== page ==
Residential care enclave crafted for military veterans

LONDON: A bespoke residential care enclave for military veterans has opened after a prolonged gestation.

Broughton House in Salford has cared for more than 8,000 veterans since it opened to the ex-service community over 100 years ago back in 1916, but the original home was demolished in 2020 to make way for the site to be transformed into the UK’s first-ever veteran care village.

And that impressive £12.5 million project has now officially been completed.

Following the demolition of the original home, the Broughton House site has now been transformed into a modern complex that features a 64-bed care home and six retirement apartments, with photos of the impressive revamp shared online.

Not only that, but the Stoller Wing of the newly-built care home – which has been named in honour of north west businessman and philanthropist Sir Norman Stoller, who donated £4 million to the project – also has a wide array of new facilities, including a gym, a hairdressing and barber’s salon, and a restaurant and bar for the residents.

The new wing is said to pay homage to Broughton House’s rich history.

Within the new Stoller Wing, there is also a dedicated museum that’s filled with fascinating stories of former residents, rare war medals, and historic memorabilia, which is all designed to “keep the memories of the fallen well and truly alive”.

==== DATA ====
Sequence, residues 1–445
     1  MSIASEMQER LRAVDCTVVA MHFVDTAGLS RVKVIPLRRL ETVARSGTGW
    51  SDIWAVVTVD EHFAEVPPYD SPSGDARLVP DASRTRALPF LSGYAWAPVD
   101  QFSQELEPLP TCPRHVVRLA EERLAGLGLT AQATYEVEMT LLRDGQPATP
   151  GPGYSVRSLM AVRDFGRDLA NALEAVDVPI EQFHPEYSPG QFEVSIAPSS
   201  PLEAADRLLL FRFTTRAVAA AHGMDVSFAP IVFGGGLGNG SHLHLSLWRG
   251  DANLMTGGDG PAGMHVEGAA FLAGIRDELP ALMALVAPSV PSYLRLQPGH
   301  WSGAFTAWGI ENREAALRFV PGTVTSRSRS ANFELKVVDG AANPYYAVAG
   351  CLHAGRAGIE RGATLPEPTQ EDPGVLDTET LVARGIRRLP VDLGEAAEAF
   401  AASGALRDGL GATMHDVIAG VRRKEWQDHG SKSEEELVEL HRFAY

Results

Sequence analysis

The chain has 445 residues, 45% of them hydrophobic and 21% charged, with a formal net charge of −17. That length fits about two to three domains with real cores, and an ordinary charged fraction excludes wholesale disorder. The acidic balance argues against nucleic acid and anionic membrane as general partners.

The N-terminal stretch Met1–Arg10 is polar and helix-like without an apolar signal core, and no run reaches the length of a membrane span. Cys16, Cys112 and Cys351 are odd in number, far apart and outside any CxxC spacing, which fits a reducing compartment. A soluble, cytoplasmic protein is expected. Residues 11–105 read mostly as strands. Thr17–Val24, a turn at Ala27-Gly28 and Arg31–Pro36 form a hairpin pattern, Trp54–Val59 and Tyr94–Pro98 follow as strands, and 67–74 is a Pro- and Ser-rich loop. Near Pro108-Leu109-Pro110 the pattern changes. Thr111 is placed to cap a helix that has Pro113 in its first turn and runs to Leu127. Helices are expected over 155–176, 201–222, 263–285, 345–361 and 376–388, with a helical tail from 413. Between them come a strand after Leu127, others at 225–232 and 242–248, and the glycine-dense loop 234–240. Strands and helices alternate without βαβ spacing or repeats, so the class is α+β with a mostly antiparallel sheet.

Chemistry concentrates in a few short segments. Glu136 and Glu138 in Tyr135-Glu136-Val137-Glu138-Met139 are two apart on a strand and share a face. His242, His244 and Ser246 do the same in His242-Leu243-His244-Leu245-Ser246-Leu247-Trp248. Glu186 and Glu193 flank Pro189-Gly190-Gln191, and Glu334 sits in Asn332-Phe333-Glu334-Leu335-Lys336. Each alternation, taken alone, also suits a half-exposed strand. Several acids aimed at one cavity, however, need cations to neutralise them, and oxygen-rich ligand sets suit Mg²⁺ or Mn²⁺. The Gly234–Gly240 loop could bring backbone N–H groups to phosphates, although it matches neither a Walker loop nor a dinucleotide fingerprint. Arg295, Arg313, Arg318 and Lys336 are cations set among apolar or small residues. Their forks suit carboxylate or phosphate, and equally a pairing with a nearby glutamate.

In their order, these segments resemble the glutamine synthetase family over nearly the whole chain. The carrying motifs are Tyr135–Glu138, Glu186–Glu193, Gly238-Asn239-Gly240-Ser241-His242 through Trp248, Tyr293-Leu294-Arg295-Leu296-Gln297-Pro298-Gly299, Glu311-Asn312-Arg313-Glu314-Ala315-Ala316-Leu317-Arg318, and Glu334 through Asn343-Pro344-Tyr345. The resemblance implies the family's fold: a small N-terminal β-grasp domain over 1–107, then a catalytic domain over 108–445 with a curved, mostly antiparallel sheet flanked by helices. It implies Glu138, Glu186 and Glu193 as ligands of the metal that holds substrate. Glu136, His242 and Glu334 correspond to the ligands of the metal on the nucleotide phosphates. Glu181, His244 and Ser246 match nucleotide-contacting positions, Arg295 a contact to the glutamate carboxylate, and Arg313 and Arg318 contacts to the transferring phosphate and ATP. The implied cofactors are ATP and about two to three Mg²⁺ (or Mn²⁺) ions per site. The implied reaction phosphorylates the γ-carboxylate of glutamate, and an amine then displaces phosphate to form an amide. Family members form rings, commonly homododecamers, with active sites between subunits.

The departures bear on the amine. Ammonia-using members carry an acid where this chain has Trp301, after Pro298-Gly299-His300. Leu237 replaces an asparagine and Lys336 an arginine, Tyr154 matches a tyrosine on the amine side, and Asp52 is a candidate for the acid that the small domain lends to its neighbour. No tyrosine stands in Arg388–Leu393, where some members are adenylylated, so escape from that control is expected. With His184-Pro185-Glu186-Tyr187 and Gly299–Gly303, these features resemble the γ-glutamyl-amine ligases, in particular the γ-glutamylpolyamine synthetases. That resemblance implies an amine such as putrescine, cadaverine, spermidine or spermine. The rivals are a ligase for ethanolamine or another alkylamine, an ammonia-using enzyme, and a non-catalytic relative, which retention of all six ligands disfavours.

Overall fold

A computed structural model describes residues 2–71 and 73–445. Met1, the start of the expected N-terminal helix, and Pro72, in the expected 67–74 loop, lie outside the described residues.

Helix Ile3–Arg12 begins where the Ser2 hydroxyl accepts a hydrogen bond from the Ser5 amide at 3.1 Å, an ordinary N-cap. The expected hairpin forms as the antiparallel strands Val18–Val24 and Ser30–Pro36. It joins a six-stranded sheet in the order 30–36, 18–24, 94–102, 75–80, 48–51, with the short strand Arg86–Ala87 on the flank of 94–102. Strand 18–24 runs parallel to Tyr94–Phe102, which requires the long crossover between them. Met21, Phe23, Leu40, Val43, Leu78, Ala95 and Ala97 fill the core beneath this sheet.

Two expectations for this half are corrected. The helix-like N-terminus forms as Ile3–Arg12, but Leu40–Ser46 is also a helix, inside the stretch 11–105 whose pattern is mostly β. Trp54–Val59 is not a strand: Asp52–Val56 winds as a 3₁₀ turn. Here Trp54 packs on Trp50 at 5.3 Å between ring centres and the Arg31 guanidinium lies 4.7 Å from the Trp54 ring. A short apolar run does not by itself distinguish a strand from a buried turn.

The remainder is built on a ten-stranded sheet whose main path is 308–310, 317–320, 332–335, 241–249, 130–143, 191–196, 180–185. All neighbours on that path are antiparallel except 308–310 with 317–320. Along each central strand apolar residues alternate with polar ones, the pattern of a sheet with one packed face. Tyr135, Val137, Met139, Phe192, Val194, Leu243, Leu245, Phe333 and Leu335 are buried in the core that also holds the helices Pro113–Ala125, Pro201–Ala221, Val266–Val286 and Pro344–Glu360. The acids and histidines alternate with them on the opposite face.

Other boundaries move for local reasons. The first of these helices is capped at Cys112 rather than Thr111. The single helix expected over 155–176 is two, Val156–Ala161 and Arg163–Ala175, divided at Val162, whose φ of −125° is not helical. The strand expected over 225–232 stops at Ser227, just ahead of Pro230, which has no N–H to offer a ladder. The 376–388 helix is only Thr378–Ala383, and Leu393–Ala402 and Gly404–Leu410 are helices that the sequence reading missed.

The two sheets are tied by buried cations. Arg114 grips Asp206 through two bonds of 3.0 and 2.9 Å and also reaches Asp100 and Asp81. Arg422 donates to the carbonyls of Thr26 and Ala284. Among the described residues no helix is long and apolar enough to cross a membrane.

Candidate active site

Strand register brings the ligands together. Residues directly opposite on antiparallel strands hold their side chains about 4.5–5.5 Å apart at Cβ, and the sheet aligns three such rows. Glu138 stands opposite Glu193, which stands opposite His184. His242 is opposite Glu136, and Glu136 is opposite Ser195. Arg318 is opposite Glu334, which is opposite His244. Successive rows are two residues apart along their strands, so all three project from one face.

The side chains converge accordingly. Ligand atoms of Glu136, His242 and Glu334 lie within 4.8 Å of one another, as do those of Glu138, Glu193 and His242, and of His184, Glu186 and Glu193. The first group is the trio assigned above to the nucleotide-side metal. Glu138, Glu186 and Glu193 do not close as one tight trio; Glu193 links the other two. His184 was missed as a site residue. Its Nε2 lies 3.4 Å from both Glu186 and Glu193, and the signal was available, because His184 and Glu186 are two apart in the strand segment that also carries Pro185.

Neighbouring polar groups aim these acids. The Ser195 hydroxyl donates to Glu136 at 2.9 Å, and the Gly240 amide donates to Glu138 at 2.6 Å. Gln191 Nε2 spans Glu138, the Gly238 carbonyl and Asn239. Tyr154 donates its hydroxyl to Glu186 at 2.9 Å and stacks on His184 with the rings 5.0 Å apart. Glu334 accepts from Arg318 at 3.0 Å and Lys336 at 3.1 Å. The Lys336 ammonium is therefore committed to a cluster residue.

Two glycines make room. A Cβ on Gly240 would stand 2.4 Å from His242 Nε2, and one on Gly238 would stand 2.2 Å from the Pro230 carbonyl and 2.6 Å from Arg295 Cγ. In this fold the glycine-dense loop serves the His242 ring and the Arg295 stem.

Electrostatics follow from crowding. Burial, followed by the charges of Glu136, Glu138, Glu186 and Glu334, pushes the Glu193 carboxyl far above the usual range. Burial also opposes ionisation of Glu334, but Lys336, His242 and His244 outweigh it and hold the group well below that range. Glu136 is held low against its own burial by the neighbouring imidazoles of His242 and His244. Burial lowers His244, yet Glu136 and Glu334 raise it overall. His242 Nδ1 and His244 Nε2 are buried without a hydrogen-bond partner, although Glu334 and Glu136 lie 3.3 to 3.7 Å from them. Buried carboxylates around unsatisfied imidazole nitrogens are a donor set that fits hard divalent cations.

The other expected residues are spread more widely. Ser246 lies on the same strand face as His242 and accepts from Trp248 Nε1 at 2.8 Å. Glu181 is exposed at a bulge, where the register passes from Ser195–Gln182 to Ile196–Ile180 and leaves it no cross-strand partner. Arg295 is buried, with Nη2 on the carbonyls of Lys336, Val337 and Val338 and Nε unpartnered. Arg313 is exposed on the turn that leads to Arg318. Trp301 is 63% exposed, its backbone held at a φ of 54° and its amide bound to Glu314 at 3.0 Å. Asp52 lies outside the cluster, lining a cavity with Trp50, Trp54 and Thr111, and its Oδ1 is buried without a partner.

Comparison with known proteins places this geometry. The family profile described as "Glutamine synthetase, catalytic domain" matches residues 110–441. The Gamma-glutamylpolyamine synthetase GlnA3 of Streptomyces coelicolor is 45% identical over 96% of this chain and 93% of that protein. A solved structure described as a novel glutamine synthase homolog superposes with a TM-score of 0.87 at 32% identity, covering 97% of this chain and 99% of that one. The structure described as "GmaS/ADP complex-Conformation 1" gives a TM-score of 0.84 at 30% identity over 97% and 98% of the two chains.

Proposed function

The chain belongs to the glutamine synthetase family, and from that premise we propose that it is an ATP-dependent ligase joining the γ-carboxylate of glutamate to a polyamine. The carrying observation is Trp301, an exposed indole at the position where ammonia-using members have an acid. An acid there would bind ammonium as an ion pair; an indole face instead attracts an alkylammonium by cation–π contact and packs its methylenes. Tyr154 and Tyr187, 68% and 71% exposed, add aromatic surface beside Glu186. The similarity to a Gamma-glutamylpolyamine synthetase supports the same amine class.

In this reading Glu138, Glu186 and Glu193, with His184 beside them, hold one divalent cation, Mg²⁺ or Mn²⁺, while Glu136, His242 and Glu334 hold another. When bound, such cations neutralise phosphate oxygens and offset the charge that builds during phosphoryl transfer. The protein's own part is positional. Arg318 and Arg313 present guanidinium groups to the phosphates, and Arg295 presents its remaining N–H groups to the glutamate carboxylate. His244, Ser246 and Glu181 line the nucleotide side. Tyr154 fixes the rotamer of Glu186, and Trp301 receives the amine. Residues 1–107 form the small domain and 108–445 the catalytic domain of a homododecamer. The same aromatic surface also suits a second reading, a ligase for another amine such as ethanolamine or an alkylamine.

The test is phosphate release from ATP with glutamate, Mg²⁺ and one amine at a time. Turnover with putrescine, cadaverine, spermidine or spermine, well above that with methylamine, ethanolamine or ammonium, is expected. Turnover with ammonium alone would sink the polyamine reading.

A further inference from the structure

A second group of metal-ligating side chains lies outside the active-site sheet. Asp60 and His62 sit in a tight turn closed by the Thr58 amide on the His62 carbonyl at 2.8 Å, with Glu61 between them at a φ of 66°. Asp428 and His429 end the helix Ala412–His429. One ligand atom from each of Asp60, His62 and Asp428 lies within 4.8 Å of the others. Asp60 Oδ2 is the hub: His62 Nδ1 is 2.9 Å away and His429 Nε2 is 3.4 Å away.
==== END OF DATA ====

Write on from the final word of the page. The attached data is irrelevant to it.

Refurbishments have also happened in the Jellicoe Wing – which is named after WWI hero Viscount Sir John Jellicoe, who opened the original Broughton House building – and it now has two 16-bedroom households.

The wing also houses our Armed Forces Support Hub, and the six retirement apartments.

Broughton House says the Armed Forces Support Hub focuses on providing welfare support and counselling for ex-service people of all ages living in the local community, as many veterans see their mental health deteriorate during their transition back to civilian life.

Derrick Corfield – a WWII veteran and Broughton House resident – said: “The new care village is ideal for people like myself who have been living alone, as it puts us back into that bigger family again [and] it’s a place that celebrates our history, and understands the things we have done in our lives and been a part of.

“I’m really enjoying the activities, especially the history club, so it will be nice to welcome more veterans to the new care village.”

Broughton House says the new complex has been designed with the purpose of “offering trailblazing provision” for the north west’s ageing armed forces community.

Chief executive Karen Miller said the new amenities provide residents with greater opportunities to be more active and sociable than what many other traditional care homes offer, and helps them to “reignite the camaraderie” they became accustomed to during their time in the armed forces.

“It is immensely pleasing to reach the milestone of seeing our new Veteran Care Village completed,” Karen concluded.